Lieberman: No 'Land for Peace'

Foreign Minister Lieberman: "No more territory in exchange for peace; all future agreements must be based on 'peace in exchange for peace.'"

Hillel Fendel , | updated: 4:40 PM

FM Lieberman
FM Lieberman
Israel news photo

Foreign Minister Avigdor Lieberman, head of the Israel Our Home party, says, "It's time to forget our obsession of "territory in exchange for peace; all future agreements must be based on 'peace in exchange for peace.'"

Speaking at a party faction meeting on Monday, Lieberman said, "Peace is in fact our heart's desire, but it is not more important than Israel's existence as the state of the Jewish people or than lasting security for its citizens. We extend our hand in peace to enemies, but as long as they choose the path of war, we must be firm, return battle, and defeat the enemy. We must strive for victory instead of talking about possible compromise, interpreted as weakness by our enemies.

"Our party, Yisrael Beiteinu, believes that we must free ourselves of the obsession of peace in exchange for land. Any future agreement will be based on peace for peace, and on the conception of maximum separation of the Jewish and Arab populaces, and on a regional solution, with the participation of Egyptian and Jordan.

"Peace talks can happen only after certain basic conditions are fulfilled: Terrorism must be defeated, a partner/leader must be found who wants peace and who is able to fulfill his promises; and there must be a basic change in the educational system of the Palestinian Authority, so that instead of educating towards the destruction of Israel, it will teach peace and acceptance."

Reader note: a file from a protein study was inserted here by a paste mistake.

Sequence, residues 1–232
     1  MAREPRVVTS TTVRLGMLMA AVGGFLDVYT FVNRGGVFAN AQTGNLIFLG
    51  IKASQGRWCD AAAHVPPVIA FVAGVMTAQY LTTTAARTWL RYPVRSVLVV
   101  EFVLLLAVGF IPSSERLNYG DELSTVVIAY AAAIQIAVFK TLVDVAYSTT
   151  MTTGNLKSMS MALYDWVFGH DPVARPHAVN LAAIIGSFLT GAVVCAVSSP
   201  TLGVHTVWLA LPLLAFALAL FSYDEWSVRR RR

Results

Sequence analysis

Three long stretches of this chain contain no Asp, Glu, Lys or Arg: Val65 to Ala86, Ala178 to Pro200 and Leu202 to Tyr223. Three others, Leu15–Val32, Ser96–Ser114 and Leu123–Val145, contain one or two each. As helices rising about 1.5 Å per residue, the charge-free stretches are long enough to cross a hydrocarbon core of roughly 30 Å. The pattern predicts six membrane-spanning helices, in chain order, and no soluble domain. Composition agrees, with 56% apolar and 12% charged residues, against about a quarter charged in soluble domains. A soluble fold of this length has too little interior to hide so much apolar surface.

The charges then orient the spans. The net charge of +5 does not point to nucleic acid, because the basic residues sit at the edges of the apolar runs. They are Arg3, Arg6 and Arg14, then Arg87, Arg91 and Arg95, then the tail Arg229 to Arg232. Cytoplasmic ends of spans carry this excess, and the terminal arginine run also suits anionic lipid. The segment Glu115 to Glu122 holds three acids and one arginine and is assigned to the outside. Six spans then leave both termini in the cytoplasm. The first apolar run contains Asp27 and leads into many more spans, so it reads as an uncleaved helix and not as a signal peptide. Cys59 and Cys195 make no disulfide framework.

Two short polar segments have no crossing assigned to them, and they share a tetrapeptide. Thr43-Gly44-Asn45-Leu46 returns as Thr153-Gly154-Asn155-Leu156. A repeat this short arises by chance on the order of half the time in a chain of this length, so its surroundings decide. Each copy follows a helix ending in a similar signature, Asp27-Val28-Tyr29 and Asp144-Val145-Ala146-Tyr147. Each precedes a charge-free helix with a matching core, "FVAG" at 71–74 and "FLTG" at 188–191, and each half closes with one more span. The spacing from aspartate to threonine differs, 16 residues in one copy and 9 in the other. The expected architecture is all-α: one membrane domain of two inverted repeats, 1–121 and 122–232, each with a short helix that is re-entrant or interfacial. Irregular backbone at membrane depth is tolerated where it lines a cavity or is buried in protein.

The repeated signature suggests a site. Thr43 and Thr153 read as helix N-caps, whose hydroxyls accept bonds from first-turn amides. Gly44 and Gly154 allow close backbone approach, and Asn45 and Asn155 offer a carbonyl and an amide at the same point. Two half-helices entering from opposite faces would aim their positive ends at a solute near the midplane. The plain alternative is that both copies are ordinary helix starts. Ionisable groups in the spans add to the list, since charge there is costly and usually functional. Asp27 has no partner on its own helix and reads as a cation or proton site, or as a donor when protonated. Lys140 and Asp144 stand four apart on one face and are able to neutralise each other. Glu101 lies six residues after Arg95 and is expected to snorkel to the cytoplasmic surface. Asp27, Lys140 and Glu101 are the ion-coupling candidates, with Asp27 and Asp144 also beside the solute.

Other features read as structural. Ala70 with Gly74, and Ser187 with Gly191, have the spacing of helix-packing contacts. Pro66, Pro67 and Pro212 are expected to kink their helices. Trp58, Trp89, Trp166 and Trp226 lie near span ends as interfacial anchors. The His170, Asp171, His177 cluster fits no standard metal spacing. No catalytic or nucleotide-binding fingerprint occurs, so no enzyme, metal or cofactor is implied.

Lieberman also briefly reviewed his long-standing proposal for a population transfer. "One idea [for a peace agreement] is to have an exchange of territories and populations," he said, referring to Arab-populated areas such as Umm el-Fahm, just south of the Galilee, which would become part of the PA entity, while large parts of Judea and Samaria would come under total Israeli sovereignty.

"The demand upon us is to remove all Jews from Judea and Samaria, just as we did in Gush Katif – which would mean that a totally Jew-free state would arise in those areas, at the same time that Israel remains a bi-national state [with a 20 percent Arab minority]. This is not acceptable. A future solution must be symmetrical, and must not perpetuate the conflict whose very basis is the clash between two peoples."

In a brief review of his party's accomplishments and goals, Lieberman said that though mistakes have been made and will be made – "Only those who don't do anything don't make any mistakes - but in summing up this past year, when I look at our voters and at our promises, I am satisfied. There are many positive aspects of our coalition agreement, and we plan to implement them, such as the law that will enable Israelis abroad to vote – we said that within a year of the establishment of the government this legislation would be introduced, and so by April 2 we plan to do so. In addition, we agreed that within 15 months – by this coming July – laws having to do with conversion and with civil marriages are supposed to come up for vote, and the citizenship law… We can't promise 100 percent success, but we can promise 100 percent effort; we will do all we can to fulfill all our promises to the voters."

Some of the latter-mentioned legislative proposals are opposed by the religious establishment, and are not expected to pass in the Knesset very easily, if at all.